by Matt Slick
A successful church can be measured in different ways, but the obvious two are God's standard and man's standard. Obviously, we should appeal to God's standard. This is because God is the one who increases the church (Acts 2:47), and we as Christians are obligated to preach the truth of God according to the Scriptures (Acts 5:29; 1 Corinthians 4:6). We should not measure success by how big a church gets, by how good the worship is, by how great the children's programs are, etc. We should measure the success of our local churches by how well God's word is preached, by how much the people are growing in their sanctification before Jesus, if they are making disciples, and how much they are honoring the Lord God through the person of Christ. In other words, are they doing what they're supposed to be doing according to Scriptures, such as reaching the lost (Matthew 28:18-20), taking care of widows (1 Timothy 5:3, 16), visiting the people in prison (Hebrews 13:3), taking care of orphans (James 1:27), and of course preaching sound doctrine (1 Timothy 4:6; 6:3; 2 Timothy 4:3; Titus 1:9; 2:1)? The last one is very important since a lot of churches are teaching false doctrines, such as saying that God always wanted us to be wealthy and healthy or that we are partially divine or that salvation is attained through being good and being faithful, etc.
Unfortunately, some people judge the success of a church based on how many books the pastor has written, if he has a popular radio or show, how many people attend the services, how much money is in the bank, or a combination of these. This is a human-centered success model and should be avoided. Pastors should never look to the number of people as a judgment of their success. Instead, they should constantly be asking God to give them the knowledge and the ability to preach his word to the people of God regardless of how many attend. He should seek to please God and judge the success of his ministry by how God is glorified, the word of God is preached in truth, and how the people in the congregation are growing in their obedience to Christ.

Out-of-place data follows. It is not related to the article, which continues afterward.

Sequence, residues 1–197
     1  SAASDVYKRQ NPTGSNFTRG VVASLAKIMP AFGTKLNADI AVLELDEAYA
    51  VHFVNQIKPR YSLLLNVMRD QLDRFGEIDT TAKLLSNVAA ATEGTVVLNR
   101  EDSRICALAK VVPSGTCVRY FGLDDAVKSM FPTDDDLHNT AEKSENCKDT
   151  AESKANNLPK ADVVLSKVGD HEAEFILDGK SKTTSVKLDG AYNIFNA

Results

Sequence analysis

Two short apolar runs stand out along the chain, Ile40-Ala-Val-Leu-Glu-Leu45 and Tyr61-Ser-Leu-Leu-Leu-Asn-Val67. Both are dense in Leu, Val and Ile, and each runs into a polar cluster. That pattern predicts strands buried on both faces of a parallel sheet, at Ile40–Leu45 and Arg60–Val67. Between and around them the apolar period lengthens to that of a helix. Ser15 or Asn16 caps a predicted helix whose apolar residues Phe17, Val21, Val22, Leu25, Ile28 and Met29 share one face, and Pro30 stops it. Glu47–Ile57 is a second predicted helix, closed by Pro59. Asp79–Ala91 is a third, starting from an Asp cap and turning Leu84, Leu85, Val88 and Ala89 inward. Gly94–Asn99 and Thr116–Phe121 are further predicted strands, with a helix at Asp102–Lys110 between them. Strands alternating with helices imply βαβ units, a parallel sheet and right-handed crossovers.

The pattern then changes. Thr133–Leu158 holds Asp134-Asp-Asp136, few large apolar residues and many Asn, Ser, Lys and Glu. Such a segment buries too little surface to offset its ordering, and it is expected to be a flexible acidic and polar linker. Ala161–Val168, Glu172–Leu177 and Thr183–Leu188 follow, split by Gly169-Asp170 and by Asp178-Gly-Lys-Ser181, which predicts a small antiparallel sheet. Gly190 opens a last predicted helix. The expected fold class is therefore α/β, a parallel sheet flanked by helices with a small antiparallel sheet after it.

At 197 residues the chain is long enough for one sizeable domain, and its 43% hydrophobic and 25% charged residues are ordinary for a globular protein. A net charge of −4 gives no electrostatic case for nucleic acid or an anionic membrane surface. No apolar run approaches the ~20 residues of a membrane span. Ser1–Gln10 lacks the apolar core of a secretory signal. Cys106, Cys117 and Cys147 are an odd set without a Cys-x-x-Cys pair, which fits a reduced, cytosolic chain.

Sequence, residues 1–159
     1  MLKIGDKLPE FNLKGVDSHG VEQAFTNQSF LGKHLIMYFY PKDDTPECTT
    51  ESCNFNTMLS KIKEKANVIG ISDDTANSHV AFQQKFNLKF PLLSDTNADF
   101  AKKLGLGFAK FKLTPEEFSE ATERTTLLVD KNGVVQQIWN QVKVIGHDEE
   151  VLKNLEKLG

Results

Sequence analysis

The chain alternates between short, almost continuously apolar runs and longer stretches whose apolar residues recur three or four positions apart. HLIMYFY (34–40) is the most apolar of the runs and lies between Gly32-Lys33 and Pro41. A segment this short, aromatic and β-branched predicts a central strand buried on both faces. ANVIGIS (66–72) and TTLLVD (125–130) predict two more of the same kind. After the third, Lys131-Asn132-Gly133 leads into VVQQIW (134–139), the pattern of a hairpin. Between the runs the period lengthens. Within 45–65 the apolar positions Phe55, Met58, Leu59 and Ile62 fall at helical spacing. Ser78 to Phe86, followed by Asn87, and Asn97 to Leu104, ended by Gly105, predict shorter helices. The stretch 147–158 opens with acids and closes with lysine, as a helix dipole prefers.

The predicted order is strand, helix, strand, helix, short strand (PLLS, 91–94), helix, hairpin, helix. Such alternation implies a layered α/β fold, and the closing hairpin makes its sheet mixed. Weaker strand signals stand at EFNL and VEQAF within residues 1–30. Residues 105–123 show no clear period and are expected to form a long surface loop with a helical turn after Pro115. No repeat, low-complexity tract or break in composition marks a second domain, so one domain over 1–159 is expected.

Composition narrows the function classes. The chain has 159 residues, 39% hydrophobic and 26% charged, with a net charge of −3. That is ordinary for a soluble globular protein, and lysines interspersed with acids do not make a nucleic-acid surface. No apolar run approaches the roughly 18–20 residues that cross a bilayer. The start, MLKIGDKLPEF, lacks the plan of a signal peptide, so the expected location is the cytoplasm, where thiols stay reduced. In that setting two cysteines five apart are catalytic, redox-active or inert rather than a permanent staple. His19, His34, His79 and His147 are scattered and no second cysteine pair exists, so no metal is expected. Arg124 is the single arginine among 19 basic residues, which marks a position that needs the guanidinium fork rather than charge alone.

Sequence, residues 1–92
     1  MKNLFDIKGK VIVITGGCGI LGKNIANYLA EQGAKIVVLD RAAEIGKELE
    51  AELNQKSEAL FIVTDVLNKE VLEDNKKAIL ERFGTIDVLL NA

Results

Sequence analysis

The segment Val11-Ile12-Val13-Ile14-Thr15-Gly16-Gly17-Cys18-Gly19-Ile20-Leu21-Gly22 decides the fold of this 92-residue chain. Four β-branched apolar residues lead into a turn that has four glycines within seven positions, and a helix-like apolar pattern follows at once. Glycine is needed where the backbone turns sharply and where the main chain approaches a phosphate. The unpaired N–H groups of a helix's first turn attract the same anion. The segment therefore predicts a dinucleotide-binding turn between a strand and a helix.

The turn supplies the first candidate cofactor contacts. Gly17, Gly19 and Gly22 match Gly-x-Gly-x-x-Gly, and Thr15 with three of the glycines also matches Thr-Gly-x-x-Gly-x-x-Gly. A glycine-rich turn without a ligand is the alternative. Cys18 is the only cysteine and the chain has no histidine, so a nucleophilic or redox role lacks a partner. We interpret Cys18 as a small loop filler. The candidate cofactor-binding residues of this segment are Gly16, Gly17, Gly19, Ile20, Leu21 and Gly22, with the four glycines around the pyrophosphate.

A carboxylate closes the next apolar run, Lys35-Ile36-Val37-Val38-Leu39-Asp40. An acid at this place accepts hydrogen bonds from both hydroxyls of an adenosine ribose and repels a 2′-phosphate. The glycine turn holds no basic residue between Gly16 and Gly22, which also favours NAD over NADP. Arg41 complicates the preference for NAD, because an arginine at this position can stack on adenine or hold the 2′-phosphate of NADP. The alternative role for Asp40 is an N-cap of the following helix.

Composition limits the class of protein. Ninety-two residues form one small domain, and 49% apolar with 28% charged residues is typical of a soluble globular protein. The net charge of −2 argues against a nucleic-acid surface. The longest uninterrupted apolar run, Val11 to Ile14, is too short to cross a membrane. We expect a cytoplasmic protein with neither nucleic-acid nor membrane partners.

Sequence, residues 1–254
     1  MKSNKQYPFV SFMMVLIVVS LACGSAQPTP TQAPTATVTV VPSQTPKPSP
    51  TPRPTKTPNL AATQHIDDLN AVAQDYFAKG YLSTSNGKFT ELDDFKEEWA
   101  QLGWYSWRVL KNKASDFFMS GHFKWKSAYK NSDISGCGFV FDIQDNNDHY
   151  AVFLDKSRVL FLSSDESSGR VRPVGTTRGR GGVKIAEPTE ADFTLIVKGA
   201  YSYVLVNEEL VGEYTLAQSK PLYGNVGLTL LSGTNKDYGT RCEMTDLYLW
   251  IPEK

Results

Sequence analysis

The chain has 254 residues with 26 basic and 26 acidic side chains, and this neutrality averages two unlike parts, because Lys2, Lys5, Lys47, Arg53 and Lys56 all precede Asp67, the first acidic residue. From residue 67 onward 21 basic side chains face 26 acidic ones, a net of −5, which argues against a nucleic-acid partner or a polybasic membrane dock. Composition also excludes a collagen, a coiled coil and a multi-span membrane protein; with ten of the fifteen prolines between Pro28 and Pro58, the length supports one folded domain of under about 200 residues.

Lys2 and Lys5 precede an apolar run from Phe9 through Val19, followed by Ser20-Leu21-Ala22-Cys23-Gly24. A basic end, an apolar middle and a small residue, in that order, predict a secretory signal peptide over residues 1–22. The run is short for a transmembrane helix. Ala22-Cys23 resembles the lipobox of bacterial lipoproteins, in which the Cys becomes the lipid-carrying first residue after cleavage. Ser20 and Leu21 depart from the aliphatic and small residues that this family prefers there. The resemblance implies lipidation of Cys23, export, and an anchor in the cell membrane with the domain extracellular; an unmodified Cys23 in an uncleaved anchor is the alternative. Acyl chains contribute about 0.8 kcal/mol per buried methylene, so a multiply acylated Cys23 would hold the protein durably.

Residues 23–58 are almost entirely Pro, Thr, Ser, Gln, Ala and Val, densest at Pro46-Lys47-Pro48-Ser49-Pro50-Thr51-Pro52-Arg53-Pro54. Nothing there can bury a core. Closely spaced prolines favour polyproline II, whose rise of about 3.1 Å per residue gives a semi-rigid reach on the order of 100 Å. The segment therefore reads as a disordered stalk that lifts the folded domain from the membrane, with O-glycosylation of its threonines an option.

Now, there's nothing wrong with the pastor having a radio show, a TV show, or writing books. These things are fine as long as they are biblically centered, glorify Christ, and bring the truth of God's word to the people of God. But again, these things should not be the measure or standard of a successful church.
A successful church . . .
- Focuses on the work of Christ on the cross (1 Corinthians 1:23; Galatians 6:14).
- Teaches grace and not legalism1 (Romans 6:14; 2 Timothy 1:9).
- Teaches the truth of the word of God and its doctrine without compromise (1 Timothy 4:6; 6:3; Titus 1:9; 2 Timothy 3:16).
- Teaches the congregation to increase in sanctification (Galatians 5:16-18, 24; 5:22-23).
- The elders are godly men who teach sound doctrine (Titus 1:5-9).
- Promotes the increase in use of the spiritual gifts given to various individuals within the body (1 Corinthians 12:28; 1 Peter 4:10).
- Does not let political correctness influence preaching and teaching (1 Corinthians 4:6).
- Is evangelistic (Matthew 28:19-20).
- Takes care of widows (1 Timothy 5:3, 16).
- Visits people in prison (Hebrews 13:3).
- Takes care of orphans (James 1:27).
- 1. Legalism is the application of the law where the Christian is obligated to follow the law in order to be a "true" Christian. Sometimes other Christians judge people by how well they follow Old Testament law and how well they separate themselves from the world and don't do such things go to movies, dance, drink, or whatever else they might impose upon someone's spirituality.